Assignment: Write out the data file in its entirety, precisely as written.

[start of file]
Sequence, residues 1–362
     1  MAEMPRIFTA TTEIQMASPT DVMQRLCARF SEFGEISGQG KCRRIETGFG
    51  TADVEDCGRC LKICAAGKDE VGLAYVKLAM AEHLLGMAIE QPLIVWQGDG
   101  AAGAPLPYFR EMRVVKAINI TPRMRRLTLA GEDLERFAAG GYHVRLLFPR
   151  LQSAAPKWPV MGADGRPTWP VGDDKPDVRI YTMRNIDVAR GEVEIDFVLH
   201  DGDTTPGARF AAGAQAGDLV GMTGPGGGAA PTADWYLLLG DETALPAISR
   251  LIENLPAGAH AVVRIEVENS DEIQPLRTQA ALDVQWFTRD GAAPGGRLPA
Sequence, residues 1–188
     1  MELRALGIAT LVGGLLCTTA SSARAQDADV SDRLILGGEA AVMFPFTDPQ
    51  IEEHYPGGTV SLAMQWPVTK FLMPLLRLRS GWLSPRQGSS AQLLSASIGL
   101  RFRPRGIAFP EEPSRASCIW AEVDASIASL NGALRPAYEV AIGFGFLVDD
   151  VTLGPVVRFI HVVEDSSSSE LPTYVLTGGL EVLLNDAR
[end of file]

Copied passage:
Sequence, residues 1–362
     1  MAEMPRIFTA TTEIQMASPT DVMQRLCARF SEFGEISGQG KCRRIETGFG
    51  TADVEDCGRC LKICAAGKDE VGLAYVKLAM AEHLLGMAIE QPLIVWQGDG
   101  AAGAPLPYFR EMRVVKAINI TPRMRRLTLA GEDLERFAAG GYHVRLLFPR
   151  LQSAAPKWPV MGADGRPTWP VGDDKPDVRI YTMRNIDVAR GEVEIDFVLH
   201  DGDTTPGARF AAGAQAGDLV GMTGPGGGAA PTADWYLLLG DETALPAISR
   251  LIENLPAGAH AVVRIEVENS DEIQPLRTQA ALDVQWFTRD GAAPGGRLPA
Sequence, residues 1–188
     1  MELRALGIAT LVGGLLCTTA SSARAQDADV SDRLILGGEA AVMFPFTDPQ
    51  IEEHYPGGTV SLAMQWPVTK FLMPLLRLRS GWLSPRQGSS AQLLSASIGL
   101  RFRPRGIAFP EEPSRASCIW AEVDASIASL NGALRPAYEV AIGFGFLVDD
   151  VTLGPVVRFI HVVEDSSSSE LPTYVLTGGL EVLLNDAR